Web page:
This week Netflix announced a new workplace benefit virtually unheard of in the corporate world: unlimited parental leave for the first year of a child’s life.
Chief Talent Officer Tawni Cranz explained “We want employees to have the flexibility and confidence to balance the needs of their growing families without worrying about work or finances. Parents can return part-time, full-time, or return and then go back out as needed,” she said in a statement. “We’ll just keep paying them normally, eliminating the headache of switching to state or disability pay.” The policy also covers parents who adopt.
Some of the largest tech firms already recruit and retain talent by offering generous parental leave — Google, for example, gives mothers 5 months off and Facebook allows mothers and fathers 4 months. But until now, no one has extended an offer for unlimited leave. And of course the most standard practice is to grant women more time off than men.
Netflix has already made a splash in the news by offering an unlimited time-off policy, which lets employees decide how much vacation they want to take each year. Yet while the policy sounds great in theory, it has received criticism for actually leading workers to take less time off since they fear being branded as not that hard-working. The company’s policy has emerged form a philosophy of treating employees “like adults” — indeed, staffers aren’t even required to fill out or submit expense reports. And to make things even better, Netflix has experienced strong growth and a stock price that’s more than doubled this year.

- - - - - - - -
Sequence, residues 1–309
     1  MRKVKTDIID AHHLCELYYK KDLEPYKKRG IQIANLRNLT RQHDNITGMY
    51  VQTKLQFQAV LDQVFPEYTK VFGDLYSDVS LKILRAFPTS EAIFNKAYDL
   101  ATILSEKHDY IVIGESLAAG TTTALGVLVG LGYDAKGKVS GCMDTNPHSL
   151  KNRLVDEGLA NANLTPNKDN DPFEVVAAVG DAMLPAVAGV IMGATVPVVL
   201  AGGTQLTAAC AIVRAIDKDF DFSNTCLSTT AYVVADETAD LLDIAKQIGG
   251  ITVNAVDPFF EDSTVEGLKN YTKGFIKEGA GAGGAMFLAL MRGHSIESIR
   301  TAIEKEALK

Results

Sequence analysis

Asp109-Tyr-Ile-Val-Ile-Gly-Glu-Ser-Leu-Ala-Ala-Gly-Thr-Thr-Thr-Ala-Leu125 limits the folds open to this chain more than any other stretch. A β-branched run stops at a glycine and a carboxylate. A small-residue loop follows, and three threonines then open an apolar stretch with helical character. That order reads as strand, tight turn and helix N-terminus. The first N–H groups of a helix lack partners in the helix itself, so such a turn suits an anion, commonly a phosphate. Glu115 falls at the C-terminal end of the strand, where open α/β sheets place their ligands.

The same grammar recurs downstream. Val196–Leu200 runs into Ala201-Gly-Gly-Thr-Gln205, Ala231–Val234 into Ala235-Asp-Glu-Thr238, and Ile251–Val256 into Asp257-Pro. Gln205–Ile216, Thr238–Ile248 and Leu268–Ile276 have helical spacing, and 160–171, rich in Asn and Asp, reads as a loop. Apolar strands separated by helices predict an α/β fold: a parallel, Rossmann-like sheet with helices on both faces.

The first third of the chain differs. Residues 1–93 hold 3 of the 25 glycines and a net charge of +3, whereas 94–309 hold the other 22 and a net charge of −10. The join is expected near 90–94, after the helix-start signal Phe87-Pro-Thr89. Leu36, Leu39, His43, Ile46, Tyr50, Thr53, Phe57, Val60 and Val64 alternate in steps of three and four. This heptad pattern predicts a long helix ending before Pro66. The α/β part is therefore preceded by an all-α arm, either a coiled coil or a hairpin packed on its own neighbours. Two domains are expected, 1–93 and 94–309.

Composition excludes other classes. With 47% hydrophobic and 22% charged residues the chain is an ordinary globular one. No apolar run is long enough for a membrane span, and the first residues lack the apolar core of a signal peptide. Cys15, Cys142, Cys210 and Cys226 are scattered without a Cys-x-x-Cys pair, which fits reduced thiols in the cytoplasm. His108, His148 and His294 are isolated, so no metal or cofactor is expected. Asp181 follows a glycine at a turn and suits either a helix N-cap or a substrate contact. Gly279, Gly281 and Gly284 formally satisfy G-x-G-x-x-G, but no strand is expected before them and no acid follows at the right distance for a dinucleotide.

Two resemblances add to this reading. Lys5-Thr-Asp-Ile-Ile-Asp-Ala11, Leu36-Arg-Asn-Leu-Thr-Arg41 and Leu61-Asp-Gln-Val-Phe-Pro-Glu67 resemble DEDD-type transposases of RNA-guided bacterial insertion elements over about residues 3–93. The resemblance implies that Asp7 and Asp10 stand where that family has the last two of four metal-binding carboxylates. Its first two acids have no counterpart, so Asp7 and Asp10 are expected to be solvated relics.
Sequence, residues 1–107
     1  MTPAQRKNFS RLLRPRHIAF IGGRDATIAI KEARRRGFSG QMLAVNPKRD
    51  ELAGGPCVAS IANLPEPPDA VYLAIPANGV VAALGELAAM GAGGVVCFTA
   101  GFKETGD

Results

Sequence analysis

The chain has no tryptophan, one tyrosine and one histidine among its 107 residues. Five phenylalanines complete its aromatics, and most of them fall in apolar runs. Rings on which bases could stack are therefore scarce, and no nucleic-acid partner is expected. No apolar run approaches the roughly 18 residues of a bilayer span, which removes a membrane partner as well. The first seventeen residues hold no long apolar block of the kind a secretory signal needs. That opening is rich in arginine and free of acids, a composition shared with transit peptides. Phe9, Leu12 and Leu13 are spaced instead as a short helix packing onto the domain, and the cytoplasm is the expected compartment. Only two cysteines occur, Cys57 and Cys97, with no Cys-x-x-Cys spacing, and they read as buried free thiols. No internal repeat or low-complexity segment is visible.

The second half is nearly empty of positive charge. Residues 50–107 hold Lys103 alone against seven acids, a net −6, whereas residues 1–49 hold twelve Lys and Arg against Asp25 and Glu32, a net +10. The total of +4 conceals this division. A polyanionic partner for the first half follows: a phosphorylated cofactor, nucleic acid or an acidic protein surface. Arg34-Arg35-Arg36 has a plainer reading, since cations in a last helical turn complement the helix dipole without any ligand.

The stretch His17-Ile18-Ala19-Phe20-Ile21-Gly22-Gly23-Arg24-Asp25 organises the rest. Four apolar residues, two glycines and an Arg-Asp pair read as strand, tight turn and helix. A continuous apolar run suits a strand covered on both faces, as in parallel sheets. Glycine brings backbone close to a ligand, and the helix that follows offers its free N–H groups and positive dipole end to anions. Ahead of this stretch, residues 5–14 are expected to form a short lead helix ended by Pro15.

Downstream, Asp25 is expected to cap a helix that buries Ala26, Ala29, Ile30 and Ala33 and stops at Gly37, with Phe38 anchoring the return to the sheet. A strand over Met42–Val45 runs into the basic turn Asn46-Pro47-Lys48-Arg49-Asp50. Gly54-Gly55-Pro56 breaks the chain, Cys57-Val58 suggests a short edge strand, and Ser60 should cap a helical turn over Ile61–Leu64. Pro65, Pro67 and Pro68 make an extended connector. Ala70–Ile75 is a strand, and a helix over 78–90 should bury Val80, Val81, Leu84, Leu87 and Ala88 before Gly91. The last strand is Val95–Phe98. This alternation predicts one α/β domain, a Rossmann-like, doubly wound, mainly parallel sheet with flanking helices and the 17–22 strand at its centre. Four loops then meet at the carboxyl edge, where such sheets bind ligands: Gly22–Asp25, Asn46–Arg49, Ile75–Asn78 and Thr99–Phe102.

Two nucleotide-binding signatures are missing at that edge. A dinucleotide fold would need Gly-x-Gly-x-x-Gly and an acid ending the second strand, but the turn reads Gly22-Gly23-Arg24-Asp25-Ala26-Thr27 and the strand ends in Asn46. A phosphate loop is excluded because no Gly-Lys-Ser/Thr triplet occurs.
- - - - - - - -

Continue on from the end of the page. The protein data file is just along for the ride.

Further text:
As company spokeswoman Anne Marie Squeo explained, “We ask our employees to make the best decisions for Netflix everyday. This frees them to do the same for their expanding families with the company’s full support.”
Initially Netflix didn’t disclose how much leave it forerly offered parents. But the company did clarify that the new policy would not cover those working on the DVD side of the business.
Many workers rights activists and employment law attorneys are waiting to see if there are similar downsides for unlimited parental leave. Will fathers and mothers feel pressured to race back to the office and resume their careers right after a baby, this resulting in employees taking short leaves? There is also the risk that long maternity leaves can handicap women at work, since some employers pass women over for promotions for fear that they will take time away.
However, the very fact that Netflix has made this policy available to both men and women is a positive sign that moms won’t get penalized. In fact, regarding parental leave as something necessary for both men and women is a crucial step in the fight for gender equality in the workplace.